Car insurance providers ‘may refuse’ to pay for stolen Christmas presents this December
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Car insurance firms are likely to offer some cover for gifts which are taken form your car in the run-up to Christmas Day but expensive items may be exempt due to price cap rules. Experts at USwitch warn this allowance can range from £100 to £1,000 and is dependent on your provider and the type of agreement you have signed up to.
Drivers are urged to check with their provider as soon as possible to avoid having Christmas ruined by simple legislation.
A spokesperson for the firm said: “Whilst we don’t like to think anyone would steal Christmas presents from our car, unfortunately it does happen.
“So it’s important to take extra precaution in the run-up to Christmas.
“If items are stolen from an unlocked vehicle, car insurance providers may refuse to cover the cost of the goods.
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“It’s also worth checking your policy, as expensive items may not be covered due to personal possession limits.
“Comprehensive car insurance policies will typically include some level of personal possessions cover but it doesn’t usually come as standard on other policies, such as third party only and third party, fire, and theft.
“The amount you can claim for personal possessions on your car insurance can vary depending on your provider and your policy agreement, however many range from £100-£1,000.”
The Association of British Insurers (ABI) says many insurers tend to get into the festive spirit and automatically increase cover for around 10 percent of your sums insured to cover the value of presents.
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However, the ABI warns the extra cover finishes in January so drivers cannot fall back on the same excuse for the January sales.
The agency has urged drivers to check expensive items like laptops are never left unattended in vehicles as these can be attractive to thieves.
They add Christmas is looked upon favourably by burglars with the average haul for thieves coming to £2,250.
Research from Allianz also found 71 percent would hide gifts in cars with a quarter saying they happily keep gifts more than £100 in a vehicle.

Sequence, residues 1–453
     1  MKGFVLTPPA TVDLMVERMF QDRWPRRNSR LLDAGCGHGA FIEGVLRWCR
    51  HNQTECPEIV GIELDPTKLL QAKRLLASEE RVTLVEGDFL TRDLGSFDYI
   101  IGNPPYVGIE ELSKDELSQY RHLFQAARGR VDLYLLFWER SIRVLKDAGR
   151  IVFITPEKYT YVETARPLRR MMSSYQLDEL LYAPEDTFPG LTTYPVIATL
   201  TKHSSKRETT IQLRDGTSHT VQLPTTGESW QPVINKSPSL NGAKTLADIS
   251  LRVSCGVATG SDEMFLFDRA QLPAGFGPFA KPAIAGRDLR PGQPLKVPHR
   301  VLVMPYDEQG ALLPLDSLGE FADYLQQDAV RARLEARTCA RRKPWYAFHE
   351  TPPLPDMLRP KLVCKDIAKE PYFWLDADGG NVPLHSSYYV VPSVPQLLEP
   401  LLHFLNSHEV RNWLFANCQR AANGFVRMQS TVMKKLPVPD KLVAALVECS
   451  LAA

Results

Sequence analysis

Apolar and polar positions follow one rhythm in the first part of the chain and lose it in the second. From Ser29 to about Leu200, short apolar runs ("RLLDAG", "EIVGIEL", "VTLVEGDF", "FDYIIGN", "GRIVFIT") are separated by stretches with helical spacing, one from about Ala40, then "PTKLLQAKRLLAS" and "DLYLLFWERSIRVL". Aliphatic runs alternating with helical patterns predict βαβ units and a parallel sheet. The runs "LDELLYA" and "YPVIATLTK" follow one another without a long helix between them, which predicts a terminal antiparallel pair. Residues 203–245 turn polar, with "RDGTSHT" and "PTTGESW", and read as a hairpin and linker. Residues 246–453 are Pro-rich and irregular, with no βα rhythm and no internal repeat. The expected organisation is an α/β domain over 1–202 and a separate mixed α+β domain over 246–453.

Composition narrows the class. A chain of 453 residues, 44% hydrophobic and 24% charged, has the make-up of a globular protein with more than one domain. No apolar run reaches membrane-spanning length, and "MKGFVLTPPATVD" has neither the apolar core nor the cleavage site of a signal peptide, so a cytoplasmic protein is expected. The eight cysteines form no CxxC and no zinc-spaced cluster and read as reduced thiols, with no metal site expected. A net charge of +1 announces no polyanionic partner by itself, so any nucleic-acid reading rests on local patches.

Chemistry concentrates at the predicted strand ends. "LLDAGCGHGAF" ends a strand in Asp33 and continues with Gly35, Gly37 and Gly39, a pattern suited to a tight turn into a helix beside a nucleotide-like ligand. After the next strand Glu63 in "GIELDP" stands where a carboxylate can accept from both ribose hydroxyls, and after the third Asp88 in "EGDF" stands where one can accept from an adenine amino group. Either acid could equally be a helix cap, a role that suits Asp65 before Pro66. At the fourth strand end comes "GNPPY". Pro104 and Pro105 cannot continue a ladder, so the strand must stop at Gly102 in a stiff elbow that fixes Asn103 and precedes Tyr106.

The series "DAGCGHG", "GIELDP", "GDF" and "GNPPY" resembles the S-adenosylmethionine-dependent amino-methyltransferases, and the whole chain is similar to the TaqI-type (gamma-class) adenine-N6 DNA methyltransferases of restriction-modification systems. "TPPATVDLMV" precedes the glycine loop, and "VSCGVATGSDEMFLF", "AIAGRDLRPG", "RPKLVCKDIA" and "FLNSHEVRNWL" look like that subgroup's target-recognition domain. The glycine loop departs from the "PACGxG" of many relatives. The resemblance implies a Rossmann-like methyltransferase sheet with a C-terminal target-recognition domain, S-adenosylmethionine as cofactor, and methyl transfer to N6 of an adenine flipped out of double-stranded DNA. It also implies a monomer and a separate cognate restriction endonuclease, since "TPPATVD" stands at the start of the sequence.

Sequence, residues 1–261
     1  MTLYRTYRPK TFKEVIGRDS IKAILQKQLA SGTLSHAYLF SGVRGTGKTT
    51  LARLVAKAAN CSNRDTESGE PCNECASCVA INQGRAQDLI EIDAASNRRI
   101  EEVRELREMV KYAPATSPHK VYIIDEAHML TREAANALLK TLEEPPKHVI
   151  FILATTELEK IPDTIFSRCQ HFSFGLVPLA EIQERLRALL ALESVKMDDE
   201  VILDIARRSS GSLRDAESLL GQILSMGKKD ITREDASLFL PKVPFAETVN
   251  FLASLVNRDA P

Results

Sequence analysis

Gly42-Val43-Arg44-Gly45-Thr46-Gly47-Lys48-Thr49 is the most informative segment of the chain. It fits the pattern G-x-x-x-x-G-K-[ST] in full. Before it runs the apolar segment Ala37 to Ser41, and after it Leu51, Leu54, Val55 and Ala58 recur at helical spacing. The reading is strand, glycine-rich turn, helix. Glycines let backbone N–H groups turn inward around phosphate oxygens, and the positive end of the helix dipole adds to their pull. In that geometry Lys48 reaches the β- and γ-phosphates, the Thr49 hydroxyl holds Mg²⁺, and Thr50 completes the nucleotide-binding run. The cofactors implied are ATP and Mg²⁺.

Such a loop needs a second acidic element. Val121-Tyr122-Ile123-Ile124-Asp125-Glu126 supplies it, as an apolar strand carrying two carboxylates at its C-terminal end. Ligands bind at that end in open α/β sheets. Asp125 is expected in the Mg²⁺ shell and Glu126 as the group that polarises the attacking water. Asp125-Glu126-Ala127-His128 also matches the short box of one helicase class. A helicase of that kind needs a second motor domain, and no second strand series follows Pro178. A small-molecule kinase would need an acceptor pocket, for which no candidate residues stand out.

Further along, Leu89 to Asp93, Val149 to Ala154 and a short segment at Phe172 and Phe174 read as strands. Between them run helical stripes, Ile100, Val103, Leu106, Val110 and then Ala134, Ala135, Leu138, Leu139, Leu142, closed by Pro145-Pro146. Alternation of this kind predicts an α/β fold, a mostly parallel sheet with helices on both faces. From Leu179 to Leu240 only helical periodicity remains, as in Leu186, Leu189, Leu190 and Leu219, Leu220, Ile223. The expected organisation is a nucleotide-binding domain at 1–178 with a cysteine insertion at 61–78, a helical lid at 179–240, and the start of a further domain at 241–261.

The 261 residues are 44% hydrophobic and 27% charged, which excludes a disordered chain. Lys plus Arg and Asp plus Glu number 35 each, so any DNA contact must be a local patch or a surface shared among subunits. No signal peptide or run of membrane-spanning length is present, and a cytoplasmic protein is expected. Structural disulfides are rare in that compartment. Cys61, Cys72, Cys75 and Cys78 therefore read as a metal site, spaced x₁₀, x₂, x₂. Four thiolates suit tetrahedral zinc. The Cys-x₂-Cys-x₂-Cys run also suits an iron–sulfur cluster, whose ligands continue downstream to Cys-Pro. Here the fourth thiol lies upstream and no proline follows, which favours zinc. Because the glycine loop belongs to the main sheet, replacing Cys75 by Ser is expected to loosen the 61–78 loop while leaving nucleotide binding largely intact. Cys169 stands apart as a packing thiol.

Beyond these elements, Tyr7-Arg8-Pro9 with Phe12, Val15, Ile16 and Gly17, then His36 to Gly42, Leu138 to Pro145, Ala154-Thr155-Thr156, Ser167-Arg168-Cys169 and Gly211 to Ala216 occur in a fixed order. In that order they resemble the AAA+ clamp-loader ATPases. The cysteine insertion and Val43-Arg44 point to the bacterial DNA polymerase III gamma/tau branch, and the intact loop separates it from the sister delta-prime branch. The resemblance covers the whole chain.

Which? has also urged caution revealing up to 46 percent of shoppers have admitted to leaving new purchases in the car.
However, the consumer watchdog has warned insurers will not need to pay out on goods if your car was left unlocked or a window was left open.
They add some policies will still refuse to pay out for items which have been secured ion the car boot or glove box.
Which? adds drivers may lose their no claims bonus by making a claim which will likely increase the price of your insurance in the long run.
USwitch confirms this, adding drivers monthly premiums will rise which could be devastating for cash-strapped road users.
A spokesperson added: “It’s also worth noting, even if you are covered, making a claim for stolen presents may also result in the loss of your no claims insurance, which will increase your premiums.
“Expensive Christmas presents stored in a car make your vehicle a higher target for thieves, so to avoid falling victim to the crime, it’s safer to remove them when you leave the car.
“If you have no choice, make sure valuables and shopping are locked in the boot, taking care that nobody is watching you.
“The same can also be said for expensive food and alcohol which could also make your car more attractive to criminals.”
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